High School and Beyond

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I have no peace with grading.

I have never liked the scoring on tests only because I want to give credit for daily work (because I believe that instills a good work ethic).

We also have always gone for mastery. Because I think we learn from our mistakes better than anything.)

So when the work is found to be done wrong in daily work and tests they have to find the right answer.

I have all sorts of grades in my book but want to find a fair way to give the final grades.

I can't decide how much weight to give to daily work and even this what might be called extra credit work when they make corrections.

Any thoughts?

I think generally I am seeing A effort but sometimes B understanding, I try weighing different ways and can come up with either grade (like for math or science) my biggest concern is want to be fair, not just to my child but also to the college that my consider them, I don't want my grades to be fluffy or meaningless.

re: Grading

If your child is re-doing missed homework problems until he gets it correct then it's 100%. He put in the effort and therefore should get the grade. It's up to you to decide how to weigh those final grades. You can always put that information on the course description, so TPTB have a reference as to how you got those grades if they care to look at course descriptions.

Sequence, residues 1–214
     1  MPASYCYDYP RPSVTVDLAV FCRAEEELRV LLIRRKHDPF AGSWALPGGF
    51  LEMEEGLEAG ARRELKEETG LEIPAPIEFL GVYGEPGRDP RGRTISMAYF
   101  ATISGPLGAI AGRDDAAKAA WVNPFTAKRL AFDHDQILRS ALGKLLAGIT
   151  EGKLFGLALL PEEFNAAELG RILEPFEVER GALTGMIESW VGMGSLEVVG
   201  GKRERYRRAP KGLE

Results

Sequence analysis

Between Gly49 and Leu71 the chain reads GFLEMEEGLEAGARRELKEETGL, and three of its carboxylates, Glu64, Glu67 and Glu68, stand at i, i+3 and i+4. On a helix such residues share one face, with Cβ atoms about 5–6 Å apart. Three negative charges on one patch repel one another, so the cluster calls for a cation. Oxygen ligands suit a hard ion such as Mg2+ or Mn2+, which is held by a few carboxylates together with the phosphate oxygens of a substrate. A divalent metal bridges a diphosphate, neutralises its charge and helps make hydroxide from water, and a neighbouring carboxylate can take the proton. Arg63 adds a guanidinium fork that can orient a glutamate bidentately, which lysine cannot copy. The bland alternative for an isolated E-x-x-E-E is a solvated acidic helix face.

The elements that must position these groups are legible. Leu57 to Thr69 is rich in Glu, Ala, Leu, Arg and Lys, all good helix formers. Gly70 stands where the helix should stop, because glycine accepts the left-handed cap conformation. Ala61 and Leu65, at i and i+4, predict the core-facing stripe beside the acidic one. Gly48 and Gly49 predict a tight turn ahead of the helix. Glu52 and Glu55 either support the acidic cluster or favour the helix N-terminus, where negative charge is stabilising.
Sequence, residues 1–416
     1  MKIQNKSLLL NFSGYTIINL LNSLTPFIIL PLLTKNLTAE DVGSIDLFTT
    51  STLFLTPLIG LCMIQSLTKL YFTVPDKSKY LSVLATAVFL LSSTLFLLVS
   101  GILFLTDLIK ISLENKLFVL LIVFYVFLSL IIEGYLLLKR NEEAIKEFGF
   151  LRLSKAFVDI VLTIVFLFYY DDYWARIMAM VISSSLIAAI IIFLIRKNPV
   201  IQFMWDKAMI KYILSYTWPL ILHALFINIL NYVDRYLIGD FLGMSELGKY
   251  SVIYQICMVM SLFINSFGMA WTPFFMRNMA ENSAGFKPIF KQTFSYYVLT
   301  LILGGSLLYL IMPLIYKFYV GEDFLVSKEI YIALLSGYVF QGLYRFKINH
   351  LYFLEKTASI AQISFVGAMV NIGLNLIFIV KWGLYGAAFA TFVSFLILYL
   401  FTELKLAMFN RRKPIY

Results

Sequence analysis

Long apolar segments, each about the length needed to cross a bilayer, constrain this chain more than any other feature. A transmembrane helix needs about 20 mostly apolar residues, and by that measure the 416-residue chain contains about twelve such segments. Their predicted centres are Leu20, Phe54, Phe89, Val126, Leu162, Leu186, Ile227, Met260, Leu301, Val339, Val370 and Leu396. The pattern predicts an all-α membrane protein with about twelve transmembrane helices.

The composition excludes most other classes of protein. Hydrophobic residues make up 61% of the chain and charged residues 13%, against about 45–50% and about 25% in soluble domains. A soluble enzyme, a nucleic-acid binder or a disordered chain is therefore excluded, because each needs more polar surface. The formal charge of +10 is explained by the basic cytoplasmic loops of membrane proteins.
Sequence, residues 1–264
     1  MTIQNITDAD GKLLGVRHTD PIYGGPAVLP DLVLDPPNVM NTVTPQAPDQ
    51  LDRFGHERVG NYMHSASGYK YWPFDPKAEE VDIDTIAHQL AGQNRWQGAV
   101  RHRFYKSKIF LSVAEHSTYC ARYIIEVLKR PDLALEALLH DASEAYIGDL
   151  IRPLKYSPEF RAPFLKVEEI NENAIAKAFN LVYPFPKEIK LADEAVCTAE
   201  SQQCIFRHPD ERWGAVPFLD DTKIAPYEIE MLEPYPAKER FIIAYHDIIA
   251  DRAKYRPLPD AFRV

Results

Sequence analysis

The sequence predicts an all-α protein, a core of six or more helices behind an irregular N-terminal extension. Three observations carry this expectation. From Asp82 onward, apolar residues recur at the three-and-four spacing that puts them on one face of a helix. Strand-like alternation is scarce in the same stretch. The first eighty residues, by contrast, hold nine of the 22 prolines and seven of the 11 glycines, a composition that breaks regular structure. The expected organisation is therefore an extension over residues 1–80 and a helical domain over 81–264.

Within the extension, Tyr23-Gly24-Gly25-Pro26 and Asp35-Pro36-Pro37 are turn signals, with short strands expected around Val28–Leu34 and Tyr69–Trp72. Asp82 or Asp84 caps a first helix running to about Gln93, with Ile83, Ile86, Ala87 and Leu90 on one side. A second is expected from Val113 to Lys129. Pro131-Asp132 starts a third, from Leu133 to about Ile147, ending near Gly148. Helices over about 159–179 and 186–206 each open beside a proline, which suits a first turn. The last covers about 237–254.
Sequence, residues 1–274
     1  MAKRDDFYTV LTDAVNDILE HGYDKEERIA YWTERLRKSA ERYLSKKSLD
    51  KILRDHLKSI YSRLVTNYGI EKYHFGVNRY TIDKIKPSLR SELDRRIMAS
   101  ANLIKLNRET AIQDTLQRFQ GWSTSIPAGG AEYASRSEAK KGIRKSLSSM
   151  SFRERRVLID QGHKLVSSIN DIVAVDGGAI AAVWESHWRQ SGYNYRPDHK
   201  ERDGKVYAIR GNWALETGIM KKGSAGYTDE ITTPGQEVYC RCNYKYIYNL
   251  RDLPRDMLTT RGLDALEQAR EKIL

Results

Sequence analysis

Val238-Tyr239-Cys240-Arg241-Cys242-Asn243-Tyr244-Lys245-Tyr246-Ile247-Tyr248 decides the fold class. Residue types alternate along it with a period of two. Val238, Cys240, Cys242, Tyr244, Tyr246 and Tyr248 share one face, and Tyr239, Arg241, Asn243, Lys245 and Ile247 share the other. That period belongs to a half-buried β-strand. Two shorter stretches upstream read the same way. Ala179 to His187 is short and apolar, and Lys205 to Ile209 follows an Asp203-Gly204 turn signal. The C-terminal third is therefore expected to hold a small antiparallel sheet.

Honestly, I don't think it will matter in the end. I think the SAT, ACT, or entrance exam will alert colleges to what your student can do.

re: Grading

I never count daily work in a final grade. The only work I count is tests, quizzes, and any written work, be it answering questions at the end of a chapter or map work or an essay or report.

I WILL sometimes use a general overall knowledge of how they did in daily work to weight a grade. For example, if my daughter gets a 91 in math based on all tests, but she did A work on all her daily assignments, I might nudge her final grade up to an A. But if she consistently only did C work on daily assignments, I will leave her grade as a solid B. I always have her go back and fix any mistakes in daily work, but she definitely does not deserve a 100% just because she did the work. To me, the daily work is just practice.

For writing, her grade is based pretty much solely on her final products...essays, poems, research reports, etc

re: Grading

quick answer: take a look at how NARHS has some options for Goal Based Grading, and the one for "self designed grading tool"

Also, you might take some research time and look up syllabus online for various high school classes. I use those as way to look at "daily work" as part of overall grade.

agreeing with morning song's post about regrading stuff as part of learning process and other stuff said. The link to the downloads I listed are showing a whole bunch of ways to think about how to give grades. NARHS is accredited and accepts lots of variety in it, so as homeschoolers, we probably can have some confidence from those variations. (ps: if anyone else has replied since then, I haven't read their answer...